A True Prophet for the Priesthood
The Life and Legacy of Very Rev. Gerald M.C. Fitzgerald, s.P.
(Text presented with the kind permission of the Institute on Religious Life. This article was first published in their magazine Religious Life, March/April 2010 Issue. For more information you can visit https://irl.solutiosoftware.com/)
We’ve added several photos of our Founder to the article we thought you might enjoy. God bless you!
I would rather have a hand in getting one priest back to the altar of God
than to write a thousand books on the priesthood,
or to preach a million sermons on the glory of the priesthood,
for neither the sermons nor the books
can hold Christ in their hands and offer Him to the Father.”
– Very Rev. Gerald Fitzgerald, s.P.
Father John Hardon, S.J., although he never met Father Gerald personally, knew of his work helping thousands of priests and wrote a spiritual biography about him. Father Hardon studied Father Gerald’s spirituality and was so inspired by his faith and supernatural vision that he described him as “a prophet for the priesthood.”
The Need for Prayer
A prophet? In what way? Father Gerald had a vital message for priests and about priests: Priests need to pray. Priests need prayers. He explained, “The greatest problem we have in the lives of priests is neglect of prayer. They tell me that they forget—they were so busy building churches, running bazaars, taking care of clubs that little by little prayer went out of their lives.” And he added, “One of the deepest errors that we are witnessing in the Church of God at this time is the attempt to rush into the lives of others before we have lost ourselves in the life of Christ.”
God inspired this luminous and prophetic priest—ordained in the Archdiocese of Boston—to open his heart to his brother priests and do everything he could to help them. As he would say, “A faithful priest is God’s greatest consolation, an unfaithful priest the source of His deepest sorrow.” He therefore offered his life in reparation for the sins of priests and for the intention of renewing priests in their sacred calling. He proposed to all the Bishops in the United States and to those beyond our country, that the most effective way to renew and strengthen priests is through the healing power, “the sunshine” of our Lord in the Most Blessed Sacrament. He insisted on the importance of prayer and sacrifice for our priests, and that priests understand the tremendous grace and responsibility entrusted to them by their ordination. Father Gerald’s message was simple and clear: Priests have been given a sublime and indispensable vocation. They need grace to fulfill their high calling. Grace comes from our Lord Jesus Christ. He is here on earth in His Eucharistic Presence. Go to Him. He will supply and fulfill your every need.
A Testimony to Divine Providence
The story of Father Gerald’s life and how he was led to found two Congregations in the Church specifically dedicated to the priesthood is a testimony in itself to the wondrous works of Divine Providence.
Gerald Cushing Fitzgerald was born on October 29, 1894, the second oldest of eight boys. He grew up in New England in a loving family and from his boyhood he was given, as he said, “an almost perfect realization of the presence and divinity of Jesus in the Eucharist.” Our Eucharistic Lord captured his heart and drew him to the priesthood.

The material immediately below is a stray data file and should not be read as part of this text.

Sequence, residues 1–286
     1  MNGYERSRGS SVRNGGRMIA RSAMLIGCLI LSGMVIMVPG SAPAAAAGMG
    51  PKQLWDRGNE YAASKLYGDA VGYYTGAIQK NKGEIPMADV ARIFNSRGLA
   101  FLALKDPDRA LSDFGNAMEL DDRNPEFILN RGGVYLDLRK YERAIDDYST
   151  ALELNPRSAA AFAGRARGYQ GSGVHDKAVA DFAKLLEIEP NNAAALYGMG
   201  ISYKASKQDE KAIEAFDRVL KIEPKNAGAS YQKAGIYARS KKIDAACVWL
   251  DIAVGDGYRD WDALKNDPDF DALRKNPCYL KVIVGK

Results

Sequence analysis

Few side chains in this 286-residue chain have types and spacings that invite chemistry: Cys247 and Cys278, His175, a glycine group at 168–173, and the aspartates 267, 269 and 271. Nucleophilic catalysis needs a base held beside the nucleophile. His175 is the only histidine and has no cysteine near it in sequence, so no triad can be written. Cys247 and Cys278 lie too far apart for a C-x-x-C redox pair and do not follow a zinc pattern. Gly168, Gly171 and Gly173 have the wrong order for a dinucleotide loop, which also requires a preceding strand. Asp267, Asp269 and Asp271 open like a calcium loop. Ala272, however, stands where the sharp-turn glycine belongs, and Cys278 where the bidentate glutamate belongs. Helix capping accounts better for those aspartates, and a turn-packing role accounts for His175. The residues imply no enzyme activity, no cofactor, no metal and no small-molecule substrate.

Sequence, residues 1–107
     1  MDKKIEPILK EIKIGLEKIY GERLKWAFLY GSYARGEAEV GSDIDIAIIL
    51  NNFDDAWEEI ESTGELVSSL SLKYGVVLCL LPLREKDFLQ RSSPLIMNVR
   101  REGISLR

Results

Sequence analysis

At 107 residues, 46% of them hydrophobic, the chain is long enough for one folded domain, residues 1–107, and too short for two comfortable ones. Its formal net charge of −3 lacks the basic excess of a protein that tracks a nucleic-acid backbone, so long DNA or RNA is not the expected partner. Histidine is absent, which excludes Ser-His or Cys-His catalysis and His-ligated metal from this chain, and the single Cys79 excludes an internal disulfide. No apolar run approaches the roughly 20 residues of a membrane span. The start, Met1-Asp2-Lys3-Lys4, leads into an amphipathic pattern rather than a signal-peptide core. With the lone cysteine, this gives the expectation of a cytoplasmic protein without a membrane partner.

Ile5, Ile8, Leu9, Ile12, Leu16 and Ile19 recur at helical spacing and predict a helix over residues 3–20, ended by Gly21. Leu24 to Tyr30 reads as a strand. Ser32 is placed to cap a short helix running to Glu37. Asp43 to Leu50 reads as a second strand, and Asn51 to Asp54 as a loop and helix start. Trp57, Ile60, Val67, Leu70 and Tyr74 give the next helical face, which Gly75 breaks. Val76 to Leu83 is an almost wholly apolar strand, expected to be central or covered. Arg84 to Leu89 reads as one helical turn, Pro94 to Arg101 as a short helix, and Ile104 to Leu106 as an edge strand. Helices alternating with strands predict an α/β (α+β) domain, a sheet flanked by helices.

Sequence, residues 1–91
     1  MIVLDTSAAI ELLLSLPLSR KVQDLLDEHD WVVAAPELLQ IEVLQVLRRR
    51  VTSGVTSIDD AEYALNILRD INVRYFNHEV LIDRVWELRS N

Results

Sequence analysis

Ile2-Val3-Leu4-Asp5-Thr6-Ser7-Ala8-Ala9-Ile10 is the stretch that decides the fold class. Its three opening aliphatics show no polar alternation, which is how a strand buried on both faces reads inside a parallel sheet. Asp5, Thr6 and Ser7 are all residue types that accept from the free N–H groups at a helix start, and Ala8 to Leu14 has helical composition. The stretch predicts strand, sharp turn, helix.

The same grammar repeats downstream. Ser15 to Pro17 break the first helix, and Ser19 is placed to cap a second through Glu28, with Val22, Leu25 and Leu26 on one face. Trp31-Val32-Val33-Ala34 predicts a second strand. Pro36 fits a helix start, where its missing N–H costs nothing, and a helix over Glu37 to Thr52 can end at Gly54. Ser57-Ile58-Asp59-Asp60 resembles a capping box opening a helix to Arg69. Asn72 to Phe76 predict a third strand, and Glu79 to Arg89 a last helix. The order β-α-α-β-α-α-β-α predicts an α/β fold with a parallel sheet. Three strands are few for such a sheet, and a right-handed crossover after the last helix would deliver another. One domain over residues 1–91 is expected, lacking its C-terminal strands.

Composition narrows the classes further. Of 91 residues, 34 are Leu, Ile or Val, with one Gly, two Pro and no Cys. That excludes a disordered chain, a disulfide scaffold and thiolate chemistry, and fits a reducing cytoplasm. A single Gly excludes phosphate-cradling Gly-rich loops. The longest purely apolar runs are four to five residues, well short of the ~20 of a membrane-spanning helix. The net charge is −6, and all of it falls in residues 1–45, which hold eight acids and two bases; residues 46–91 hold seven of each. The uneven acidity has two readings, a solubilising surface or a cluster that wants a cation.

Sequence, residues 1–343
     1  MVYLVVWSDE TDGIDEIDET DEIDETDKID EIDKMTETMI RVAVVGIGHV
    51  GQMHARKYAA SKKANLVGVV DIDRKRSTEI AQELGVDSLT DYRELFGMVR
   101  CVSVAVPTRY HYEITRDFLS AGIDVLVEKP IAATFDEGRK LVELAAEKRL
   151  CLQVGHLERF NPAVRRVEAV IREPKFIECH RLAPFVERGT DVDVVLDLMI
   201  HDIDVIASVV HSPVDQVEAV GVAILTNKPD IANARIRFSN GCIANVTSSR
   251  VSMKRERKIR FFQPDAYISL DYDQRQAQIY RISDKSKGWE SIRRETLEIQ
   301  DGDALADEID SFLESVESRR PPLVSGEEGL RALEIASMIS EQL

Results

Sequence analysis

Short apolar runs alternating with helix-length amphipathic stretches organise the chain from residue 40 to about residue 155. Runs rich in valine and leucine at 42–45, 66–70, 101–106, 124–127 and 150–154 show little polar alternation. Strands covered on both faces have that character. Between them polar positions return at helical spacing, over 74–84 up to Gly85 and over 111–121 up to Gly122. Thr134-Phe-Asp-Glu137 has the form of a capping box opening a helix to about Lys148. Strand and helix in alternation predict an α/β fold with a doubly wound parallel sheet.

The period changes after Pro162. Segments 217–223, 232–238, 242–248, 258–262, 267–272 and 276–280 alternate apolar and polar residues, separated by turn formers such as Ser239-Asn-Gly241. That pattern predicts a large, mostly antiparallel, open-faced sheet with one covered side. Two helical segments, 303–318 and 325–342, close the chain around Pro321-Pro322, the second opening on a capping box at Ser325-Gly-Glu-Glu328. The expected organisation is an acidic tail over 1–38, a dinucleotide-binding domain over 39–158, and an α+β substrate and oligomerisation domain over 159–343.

Service as a Diocesan Priest
After his graduation from Boston College in 1916, he entered St. John’s Seminary in Brighton, MA, and was ordained a priest on the Feast of Corpus Christi, May 26, 1921. He spent the entire afternoon of his Ordination day before the Blessed Sacrament and said, “I believe that the Son of God made Himself a prisoner of love in the little white Host in this tabernacle for me. He who is my God loves me enough to be here as a prisoner of love, then I love Him enough to give up the joys and consolations of a Christian home and be His prisoner of love.” He labored for twelve happy years as curate to the parish of Our Lady of the Presentation in Brighton, where he arranged all-day Adoration every day of the week. During this time Father added writing and publishing to his parish activities, and already as a young priest, he was sought as a Confessor and spiritual director.
One night a destitute person knocked at the rectory door and was cordially received by the young Father Gerald. When Father realized this man was a priest, his heart was filled with an intense desire to help him in his need. That door, opened to a “stray shepherd,” was the first of many such doors. The discovery that there were priests with serious problems remained constant in Father’s mind and compassionate heart.
Service as a Religious Order Priest
Father Gerald was led to embrace religious life. With the blessing of his Bishop, Father Gerald entered the Congregation of Holy Cross on the Feast of the Presentation of Mary in the Holy Year of Redemption, 1933. His farewell sermon to his beloved parish was on the priesthood.
Soon after his profession of vows on December 8, 1934, he was appointed Rector of Holy Cross Seminary, in North Easton, MA, and remained in office until December of 1942. All of his books were published during these years: two volumes of poetry; Juxta Crucem, the biography of Blessed Basil Anthony Moreau, the Founder of Holy Cross; the Letters of Father Page, C.S.C., and The Path of Love. His prolific writing brought him the distinction of being elected to the Gallery of Catholic Authors in 1943. He was also an esteemed retreat master and a spiritual director for many souls, from every state of life.